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Publisher's Summary

The final volume of the magisterial Pacific War Trilogy from acclaimed historian Ian W. Toll, "one of the great storytellers of war" (Evan Thomas).  

Twilight of the Gods is a riveting account of the harrowing last year of World War II in the Pacific, when the US Navy won the largest naval battle in history; Douglas MacArthur made good his pledge to return to the Philippines; waves of kamikazes attacked the Allied fleets; the Japanese fought to the last man on one island after another; B-29 bombers burned down Japanese cities; and Hiroshima and Nagasaki were vaporized in atomic blasts. 

Ian W. Toll's narratives of combat in the air, at sea, and on the beaches are as gripping as ever, but he also takes the listener into the halls of power in Washington and Tokyo, where the great questions of strategy and diplomacy were decided. Lionel Barber of the Financial Times chose the second volume of the series (The Conquering Tide) as the preemiment book of 2016, calling it military history at its best. Listeners who have been waiting for the conclusion of Toll's masterpiece will be thrilled by this final volume.

©2020 Ian Toll (P)2020 Recorded Books

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Food for WWII History Buffs

Way more than an ordinary human needs to know about the war in the Pacific. Perfect for Buffs like me.

My father survived 2.7 years on the USS Baltimore. All his tales of Kamekazis,. typhoons and giving Hershey bars to children in the ruins of Hiroshima are in the book just as he described. So too the less than wonderful sides (racism) of many shipmates. As a Jew he was in many fist fights with antisemites, especially from the South. He came home to the Bronx very committed to fighting racism.

The Epilogue is particularly insightful.

BTW, Dad survived all the above, had 3 kids, 10 grandchildren and 1 great grandson when he was killed by a texting driver at age 91. Kamekazis couldn't kill him but a texter did.
Please don't text while driving.

24 people found this helpful

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Amazing Details

Picks up right where the last one left off. The narrative and organization create a great flow to this long book . You can almost feel yourself zooming in from the overall picture of the war down to buck privates and seamen.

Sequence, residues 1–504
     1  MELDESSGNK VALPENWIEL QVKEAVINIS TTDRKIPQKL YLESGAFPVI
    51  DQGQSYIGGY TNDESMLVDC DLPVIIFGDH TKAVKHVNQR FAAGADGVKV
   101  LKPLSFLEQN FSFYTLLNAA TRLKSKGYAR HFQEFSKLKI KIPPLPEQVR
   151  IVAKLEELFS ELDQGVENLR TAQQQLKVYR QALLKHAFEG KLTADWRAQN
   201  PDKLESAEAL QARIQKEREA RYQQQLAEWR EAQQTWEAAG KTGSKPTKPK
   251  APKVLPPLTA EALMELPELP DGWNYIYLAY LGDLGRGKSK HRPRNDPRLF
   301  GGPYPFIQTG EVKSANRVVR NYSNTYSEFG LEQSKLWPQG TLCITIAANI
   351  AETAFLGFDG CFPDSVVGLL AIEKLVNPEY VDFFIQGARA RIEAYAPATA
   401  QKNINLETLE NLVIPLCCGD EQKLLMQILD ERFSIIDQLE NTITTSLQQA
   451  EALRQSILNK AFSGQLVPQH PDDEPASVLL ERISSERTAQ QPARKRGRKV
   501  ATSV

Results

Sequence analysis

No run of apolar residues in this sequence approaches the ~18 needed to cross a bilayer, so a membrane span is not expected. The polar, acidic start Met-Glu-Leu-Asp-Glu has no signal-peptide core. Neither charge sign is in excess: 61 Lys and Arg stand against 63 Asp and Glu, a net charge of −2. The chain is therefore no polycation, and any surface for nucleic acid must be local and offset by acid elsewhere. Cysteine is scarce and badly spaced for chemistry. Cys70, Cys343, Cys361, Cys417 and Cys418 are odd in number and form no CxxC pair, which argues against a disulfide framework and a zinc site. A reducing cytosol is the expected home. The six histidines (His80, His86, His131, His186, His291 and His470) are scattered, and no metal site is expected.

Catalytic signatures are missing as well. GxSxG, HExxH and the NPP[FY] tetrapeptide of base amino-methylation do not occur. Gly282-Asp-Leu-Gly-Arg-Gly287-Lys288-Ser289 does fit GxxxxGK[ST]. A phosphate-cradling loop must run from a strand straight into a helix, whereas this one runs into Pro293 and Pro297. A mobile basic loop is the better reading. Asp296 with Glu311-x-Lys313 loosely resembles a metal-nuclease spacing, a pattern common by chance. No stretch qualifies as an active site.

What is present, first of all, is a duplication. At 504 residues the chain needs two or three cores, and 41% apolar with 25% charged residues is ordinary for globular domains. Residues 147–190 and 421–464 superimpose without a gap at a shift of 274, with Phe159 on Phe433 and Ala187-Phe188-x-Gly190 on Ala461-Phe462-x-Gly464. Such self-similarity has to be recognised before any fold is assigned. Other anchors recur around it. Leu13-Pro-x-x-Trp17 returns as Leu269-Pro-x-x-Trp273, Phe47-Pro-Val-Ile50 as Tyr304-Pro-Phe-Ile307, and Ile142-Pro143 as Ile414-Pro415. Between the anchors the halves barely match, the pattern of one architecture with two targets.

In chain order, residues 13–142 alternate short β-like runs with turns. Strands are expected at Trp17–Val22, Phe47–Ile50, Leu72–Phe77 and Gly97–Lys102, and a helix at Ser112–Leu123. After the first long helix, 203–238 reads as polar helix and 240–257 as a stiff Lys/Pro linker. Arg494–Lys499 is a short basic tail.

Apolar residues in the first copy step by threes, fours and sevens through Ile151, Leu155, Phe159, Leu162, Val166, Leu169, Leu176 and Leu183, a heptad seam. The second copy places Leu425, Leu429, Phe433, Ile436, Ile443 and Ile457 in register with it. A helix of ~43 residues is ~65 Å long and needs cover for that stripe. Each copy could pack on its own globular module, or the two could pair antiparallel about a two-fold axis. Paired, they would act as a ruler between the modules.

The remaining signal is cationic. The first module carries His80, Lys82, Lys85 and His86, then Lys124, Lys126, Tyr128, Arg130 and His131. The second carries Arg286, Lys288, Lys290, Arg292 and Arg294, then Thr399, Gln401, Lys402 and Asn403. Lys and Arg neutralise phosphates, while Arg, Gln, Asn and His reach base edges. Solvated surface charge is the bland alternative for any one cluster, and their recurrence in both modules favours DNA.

I’m one of those wwii avid reader types and was worried about reading long chapters on battles I was pretty familiar with . Toll brings new perspectives and details about the Pacific War. From the bloated flies of Saipan infesting an admirals dinner offshore to an in depth look at Japanese social psychology for waging war this book brought to light the war in the Pacific . I also appreciate Toll’s research on the logistics involved in the Pacific Theatre.

10 people found this helpful

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War is hell

As with the two prior volumes I felt I was experiencing the Pacific war through the eyes of the Americans and the Japanese. The brutality and otherworldliness of the fighting seemed more immediate. It certainly Leaves the reader with a sense of the horror of war. One can't look at a successful war as a grand thing
US naval and air superiority means there is never any doubt that Japan will lose the war. The Japanese challenge is reconciling its defeat with its national character.
The brutality of the amphibious landings on Iwo Jima and Okinawa show how terrible the battles were for both sides. Clearly the American population advantage and industrial capacity make the outcome inevitable but the Japanese character makes its surrender difficult even after the atomic bombs. Even the emperor's decision to surrender was meet with a threatened coup.